- Why should one get a pet from dog show lineage?
If you are looking for a pet for your family, or as your companion, it is of paramount importance to select the right breeder to at least direct you toward the right lineage, then to the right litter, and ultimately to the right puppy. It truly starts with the breeder. If you can find a breeder you can trust, who has a sufficient amount of experience and knowledge, and is avidly involved with showing and breeding show dogs, then you are taking the first step. Those who breed to improve on the lines they possess will breed in hopes to acquire that particular puppy who will win over other breeders and judges alike. It is a satisfaction that is rewarded from having the respect of the breeders in the golden retriever community. However, not all puppies in the litter can be kept by the breeders. Eventually, these puppies must find great, solid homes. Just because a breeder selects a particular puppy as third or fourth pick puppy in the litter, it does not mean that it lacks all the other DNA information passed down from generations upon generations of healthy champions whose owners loved and improved upon. Sometimes breeders may select a puppy to show in the litter because of certain anatomy angulations in structure or height in rear pasterns. Generally, the entire litter will share in the basic characteristics of substance, disposition, and coat type. The qualities in these characteristics usually outshine other litters that have been bred blindly and for profit
- What is the Breed Standard?
The breed standard is a set of written guidelines put together by the Golden Retriever Club of America, the parent club of all golden retriever clubs in the United States, our national club. These guidelines help all breeders to conform to certain character features when breeding. It helps us to stay within certain height measurements, eye color, pigment color, and general disposition of the breed. Without such outlines, we would have an array of golden retrievers and no common objective when breeding.
These guidelines also help to assist AKC judges make their selections in competition. In turn, it conveys to the breeders which dogs comes closest to their interpretation of the Breed Standard. Top winning dogs and show champions are then highly considered as high quality breeding stock. Of course, they are all critiqued and scrutinized a million times over, but it serves the purpose in choosing the right dog when breeding. Which is why showing dogs in conformation is so important if one would like to breed.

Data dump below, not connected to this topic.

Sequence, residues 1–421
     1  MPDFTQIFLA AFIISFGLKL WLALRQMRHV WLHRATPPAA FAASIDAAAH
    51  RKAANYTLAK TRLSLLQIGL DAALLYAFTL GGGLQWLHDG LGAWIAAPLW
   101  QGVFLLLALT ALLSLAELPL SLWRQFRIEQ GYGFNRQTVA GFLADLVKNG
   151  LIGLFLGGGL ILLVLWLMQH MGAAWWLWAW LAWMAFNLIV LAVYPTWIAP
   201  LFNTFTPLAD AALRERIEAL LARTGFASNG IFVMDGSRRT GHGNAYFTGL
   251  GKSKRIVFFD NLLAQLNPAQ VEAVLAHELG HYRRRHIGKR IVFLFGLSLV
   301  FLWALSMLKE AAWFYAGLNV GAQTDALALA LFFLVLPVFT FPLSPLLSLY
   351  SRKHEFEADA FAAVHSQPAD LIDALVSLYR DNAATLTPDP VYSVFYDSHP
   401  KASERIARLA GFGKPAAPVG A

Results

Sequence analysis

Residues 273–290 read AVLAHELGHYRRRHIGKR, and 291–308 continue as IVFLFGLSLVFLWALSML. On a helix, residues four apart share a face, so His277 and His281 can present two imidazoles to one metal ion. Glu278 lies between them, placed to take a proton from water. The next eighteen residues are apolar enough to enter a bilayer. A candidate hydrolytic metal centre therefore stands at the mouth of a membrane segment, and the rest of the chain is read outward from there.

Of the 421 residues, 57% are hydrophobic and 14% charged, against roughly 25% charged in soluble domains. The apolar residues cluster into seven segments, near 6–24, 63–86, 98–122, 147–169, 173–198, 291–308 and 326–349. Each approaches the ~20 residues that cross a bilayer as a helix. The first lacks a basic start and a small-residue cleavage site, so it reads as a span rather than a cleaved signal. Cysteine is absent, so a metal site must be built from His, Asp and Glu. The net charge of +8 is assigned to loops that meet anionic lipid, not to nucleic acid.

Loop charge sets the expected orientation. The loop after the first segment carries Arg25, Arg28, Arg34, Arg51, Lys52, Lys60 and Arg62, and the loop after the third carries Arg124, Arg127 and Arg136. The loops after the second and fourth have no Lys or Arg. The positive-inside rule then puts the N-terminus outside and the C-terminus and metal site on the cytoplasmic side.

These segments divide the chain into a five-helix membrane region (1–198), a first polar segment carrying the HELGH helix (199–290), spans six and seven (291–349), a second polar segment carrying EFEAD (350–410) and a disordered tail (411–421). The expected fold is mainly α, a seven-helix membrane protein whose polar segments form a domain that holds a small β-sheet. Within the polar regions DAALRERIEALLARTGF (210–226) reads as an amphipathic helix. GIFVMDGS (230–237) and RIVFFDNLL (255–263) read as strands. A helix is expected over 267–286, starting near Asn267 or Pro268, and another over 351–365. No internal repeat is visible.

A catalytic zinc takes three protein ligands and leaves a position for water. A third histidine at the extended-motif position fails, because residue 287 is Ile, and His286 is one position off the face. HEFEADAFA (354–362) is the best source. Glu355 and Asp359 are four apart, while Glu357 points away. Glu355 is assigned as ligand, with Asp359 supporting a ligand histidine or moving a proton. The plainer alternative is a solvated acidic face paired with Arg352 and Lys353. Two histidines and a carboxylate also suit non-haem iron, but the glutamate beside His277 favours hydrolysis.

The breed standard helps to impose and perpetuate the true character and type of the Golden Retriever. It also maintains the importance of function and purpose, which is essential to its history and origin.
- Why is structure so important in a dog?
My definition of structure is the anatomy of the canine species that relates to the overall health of the dog. Depending on the purpose of each breed, structure plays a key role in its intended use. Golden retrievers were originally bred to retrieve game in field and water. It is important that this trait is not lost in haphazard breeding practices by so many profit seeking breeders who do not participate in any of the AKC events. These breeders lack vital knowledge in their dogs’ pedigree and ultimately do not know what they are breeding. If these self proclaimed high quality breeders do not participate in AKC events, how well can they truly understand structure? Their strategy to purchase dogs out of champions to then breed the same dogs over again limits their abilities as breeders to minimize certain faults and frailties in structure from the breed as a whole. There are too many unwanted dogs and puppies in this world to produce more puppies just for the sake of making money. Dogs should be bred as an enhancement of its predecessors, so that we can enjoy and entertain its intended purpose and other assets that is beneficial to its families.
Retrieving game on land or water requires more than just four legs, a tail, and teeth. There are so many specific anatomy traits that help the endurance level of a dog, as well as overall health. For example, a well sprung rib cage and depth of chest can actually allow for more lung capacity. A well placed shoulder can ease more comfort in a dog trotting all day. A thick tail base is an important rudder appendage. These are just a few examples of what is truly needed in the breed, which most self proclaimed breeders do not know. It is important to know that if your breeder does not know structure and the written standard, then your breeder is pretending to be a breeder and has made a lot of money with no regard to improving the breed, but their bank account.
OFA is an acronym for The Orthopedic Foundation for Animals. It is an organization developed in 1966 to study, record, and limit the widespread disease of hip dysphasia. Today, it has grown to help prevent genetic hip and elbow dysplasia through radiographic screenings. OFA also provides evaluations on ultrasonic screenings for heart abnormalities, such as SAS. Without the assistance of OFA, most of all the AKC recognized breeds would suffer widespread decline in healthy and happy dogs.